Barefoot Martial Arts Training – No Shoes Is Good News!

Most martial arts students train barefoot when indoors. And, most martial arts systems train 80-100% of the time between four walls and on a soft mat. So for many, training without shoes is not much of a challenge.

In martial science, we spend 80-100% of our time training outdoors. We continue to support the barefoot training philosophy and encourage students to do the same, even when training in the park.

Why should you go barefoot? Because wearing shoes doesn’t look good with your uniform.

Okay, I think shoes have a purpose and some shoes don’t look as ridiculous as a pair of over-cushioned running shoes (Tabi and Five Fingers, for example).

However, I prefer to be without shoes. I love running barefoot, walking, climbing, and generally not wearing shoes at all. In fact, I spend around 75% or more of my time without shoes and I prefer to extend this to my sports activities. I’m not the only one.

* Abebe Bikila, an Olympic marathoner, won the first of his consecutive gold medals without shoes.

Research barefoot running on Google and you’ll get a lot more hits on shoeless wonders like Abebe. For example, Michael Warburton published an article online titled “Running barefoot.” Warburton notes that the extra weight of shoes is worse than a few pounds around the waist. The added weight means more energy is wasted. As part of your stride, the weight of your feet should adjust to a steady increase and decrease in speed.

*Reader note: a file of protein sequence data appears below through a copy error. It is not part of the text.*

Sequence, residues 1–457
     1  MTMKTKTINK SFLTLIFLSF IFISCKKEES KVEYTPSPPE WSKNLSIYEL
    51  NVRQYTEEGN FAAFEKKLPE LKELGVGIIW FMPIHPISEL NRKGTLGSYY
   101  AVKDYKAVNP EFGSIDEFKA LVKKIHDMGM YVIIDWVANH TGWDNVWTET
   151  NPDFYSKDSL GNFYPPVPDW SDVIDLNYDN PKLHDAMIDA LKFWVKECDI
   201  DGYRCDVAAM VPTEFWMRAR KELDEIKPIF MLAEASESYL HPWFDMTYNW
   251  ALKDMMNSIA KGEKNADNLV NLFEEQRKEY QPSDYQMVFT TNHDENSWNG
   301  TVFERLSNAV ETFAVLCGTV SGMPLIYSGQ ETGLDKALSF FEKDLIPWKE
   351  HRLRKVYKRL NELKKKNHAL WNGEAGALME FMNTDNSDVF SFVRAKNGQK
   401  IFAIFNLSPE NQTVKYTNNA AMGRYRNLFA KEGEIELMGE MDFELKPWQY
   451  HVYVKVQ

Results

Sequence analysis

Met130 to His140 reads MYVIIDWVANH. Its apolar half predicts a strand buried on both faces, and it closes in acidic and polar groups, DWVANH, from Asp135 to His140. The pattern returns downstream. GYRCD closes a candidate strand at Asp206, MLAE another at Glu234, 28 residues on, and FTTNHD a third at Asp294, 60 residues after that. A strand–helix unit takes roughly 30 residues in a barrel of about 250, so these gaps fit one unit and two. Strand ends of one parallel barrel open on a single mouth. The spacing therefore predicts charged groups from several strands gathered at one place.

Research shows that two 10-ounce shoes will make you more than five percent less efficient. This is good to know, especially considering the micro-movements that the body must perform to avoid an ankle injury.

Internal, external and spatial awareness

Next, let’s talk about proprioception, and don’t worry if you haven’t heard that word before, neither does Microsoft.

Proprioception (pronounced PRO-pree-o-SEP-shÉ (TM) n), from the Latin proprius, meaning “own” and perception) is the sense of the relative position of neighboring parts of the body.

Let’s associate the senses with Mind, Body and Spirit and divide them into three categories (just to learn this concept):

01 External (sight, taste, smell, touch, hearing and balance) – Body

02 Internal (senses that help us perceive pain) – Mind

03 Spatial (sense that shares feedback in relation to our world) – Spirit

Proprioception is a sense that helps us verify where the extremities of our body are in relation to each other and the space around us. It also helps determine if we are moving at the correct speed or using the correct amount of force.

In martial science, we consider that the spirit represents the spirit of life and the interaction with the living world that surrounds us; people, nature and animals.

We receive feedback from the world around us to adapt and improve our lives. Well, your body needs to do the same to function properly.

If you had no proprioception and I covered your eyes with a blind bandage, you would simply fall. The police test proprioception to see if someone has had too much to drink. This is because you lose this sense when you have drunk too much alcohol. That is why they ask you to walk in a straight line without looking at your feet. Without proprioception, we must look at our feet in order to walk.